Analysts have warned of ‘contagion risks’ spreading across the eurozone
The European Central Bank warned on Thursday it was ready to pull the plug on emergency funding for Cyprus banks as the island's politicians scrambled to raise billions of euros to head off financial meltdown.
The ECB said Cyprus had until Monday to clinch a bailout deal or funds would be cut off, while an EU source said the island had "until Tuesday" to get a workable plan through parliament or risk having to leave the eurozone.
With banks shut since Saturday and not due to reopen until Tuesday, rumours spread Thursday that Popular Bank, the island's second largest, may never open its doors again, sparking panic among customers who formed long queues outside ATM machines to withdraw their daily limits.
Anxious to head off the panic, the island's political leaders raced to put together a "Plan B" to try to raise €5.8bn needed to secure a €10bn ($13bn) EU-led rescue package that would prevent the banks from collapsing.
A crisis meeting chaired by President Nicos Anastasiades ended in an announcement that political leaders had agreed to set up a "solidarity investment fund," which media said would nationalise provident funds, with bonds issued against future natural gas revenues.
Legislation giving effect to the deal was being drafted and would be put to the cabinet at 1600 hrs GMT, the government said, while Averof Neophytou, acting leader of the ruling Disy party, said it could be put to parliament for a vote later in the day.
Leaders emerging from the meeting told reporters that a tax on bank deposits that sank an earlier deal had been ruled out completely.
The troika of lenders -- the European Union, European Central Bank and International Monetary Fund -- agreed to the €10bn bailout on Saturday on condition Cyprus raised the other €5.8bn.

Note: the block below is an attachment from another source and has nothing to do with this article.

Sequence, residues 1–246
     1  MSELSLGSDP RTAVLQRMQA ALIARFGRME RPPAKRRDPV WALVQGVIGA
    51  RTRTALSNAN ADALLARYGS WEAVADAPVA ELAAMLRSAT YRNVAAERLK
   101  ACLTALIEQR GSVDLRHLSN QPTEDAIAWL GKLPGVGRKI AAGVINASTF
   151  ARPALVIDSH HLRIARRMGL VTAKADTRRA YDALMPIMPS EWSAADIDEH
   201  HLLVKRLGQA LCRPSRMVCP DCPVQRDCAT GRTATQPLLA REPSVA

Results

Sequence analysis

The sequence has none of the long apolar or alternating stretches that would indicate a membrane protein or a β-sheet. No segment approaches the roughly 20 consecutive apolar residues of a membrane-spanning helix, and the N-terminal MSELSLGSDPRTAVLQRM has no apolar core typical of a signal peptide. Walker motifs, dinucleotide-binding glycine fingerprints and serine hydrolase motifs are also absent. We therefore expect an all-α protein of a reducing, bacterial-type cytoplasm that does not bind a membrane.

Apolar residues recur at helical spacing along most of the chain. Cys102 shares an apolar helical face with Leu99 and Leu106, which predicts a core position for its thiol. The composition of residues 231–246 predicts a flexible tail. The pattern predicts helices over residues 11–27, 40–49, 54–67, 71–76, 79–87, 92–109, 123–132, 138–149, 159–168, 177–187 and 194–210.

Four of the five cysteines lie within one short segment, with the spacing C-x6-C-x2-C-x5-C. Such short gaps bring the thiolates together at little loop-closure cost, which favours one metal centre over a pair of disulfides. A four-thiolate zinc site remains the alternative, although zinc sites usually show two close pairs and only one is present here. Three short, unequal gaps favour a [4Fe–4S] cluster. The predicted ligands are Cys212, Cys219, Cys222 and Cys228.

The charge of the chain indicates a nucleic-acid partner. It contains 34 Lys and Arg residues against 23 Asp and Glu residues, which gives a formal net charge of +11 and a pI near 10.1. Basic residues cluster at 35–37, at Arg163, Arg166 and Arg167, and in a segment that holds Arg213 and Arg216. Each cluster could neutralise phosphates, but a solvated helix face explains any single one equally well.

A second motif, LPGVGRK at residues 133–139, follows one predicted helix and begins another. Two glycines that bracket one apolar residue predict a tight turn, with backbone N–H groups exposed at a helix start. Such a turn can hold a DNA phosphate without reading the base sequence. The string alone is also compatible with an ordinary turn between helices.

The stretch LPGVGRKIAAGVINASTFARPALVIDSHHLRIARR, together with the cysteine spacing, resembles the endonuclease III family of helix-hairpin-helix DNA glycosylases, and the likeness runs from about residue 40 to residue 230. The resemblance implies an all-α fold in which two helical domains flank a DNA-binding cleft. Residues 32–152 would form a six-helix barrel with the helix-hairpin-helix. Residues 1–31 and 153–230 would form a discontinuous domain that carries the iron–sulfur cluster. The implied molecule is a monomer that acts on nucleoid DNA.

Lawmakers on Tuesday flatly rejected a highly unpopular measure that would have slapped a one-time levy of up to 9.9 percent on bank deposits as a condition for the loan, leaving the government scrambling to find other ways to raise cash to repay its debts.
Eurogroup head Jeroen Dijsselbloem warned in Brussels the crisis poses a "systemic risk" that threatens to ricochet through the eurozone, while ratings agency Fitch said any support package for Cyprus that includes a stability levy "inevitably increases the danger of contagion risks within the eurozone."
And in Moscow, Prime Minister Dmitry Medvedev slammed the European proposals to solve the Cyprus crisis as "absolutely absurd," further raising tension between Russia and the European Union.
The revised plan was hastily drawn up after Finance Minister Michalis Sarris failed to make any progress in Moscow talks to secure aid, as a tough-bargaining Russia sought lucrative assets in exchange for more help.
Sarris was to hold further meetings on Thursday although the prevailing mood offered little optimism.
At the opening of a conference in Moscow with the head of the European Commission, Jose Manuel Barroso, Medvedev slammed the European strategy to bail out the near-bankrupt eurozone member.
"This scheme that is being discussed on Cyprus now looks absolutely absurd," Medvedev said.
"I think that in any case the Eurogroup could examine a future plan of regulating Cyprus with the participation of all the interested sides, including Russian structures."
Russians including wealthy tycoons hold between a third and half of all Cypriot deposits and are believed to have more than $30bn in private and corporate cash in the island's banks.
Eurogroup head Dijsselbloem said in Brussels a fresh loan from Russia would be the wrong approach to take, as this would only pile up debt to an unsustainable level. The Cypriot banking model needs a total overhaul, he said.
Referring to "worries about the stability of the eurozone," Dijsselbloem said the "present situation (was) definitely a systemic risk -- the unrest of the last couple of days has proven this."
Also in Brussels, the European Commission on Thursday evoked the risk of a Cyprus default.
"The Commission is convinced that a managed and orderly way forward is still possible in Cyprus," said a spokesman for the EU executive -- which along with the International Monetary Fund is trying to broker the bailout with Nicosia.
The unprompted remark raised eyebrows as it also appeared to raise the spectre of a chaotic, disorderly breakdown.
Shortly afterwards, an EU source speaking on condition of anonymity said that Nicosia has "until Tuesday" to get a workable plan through parliament -- otherwise Cyprus could find itself kicked out of the eurozone.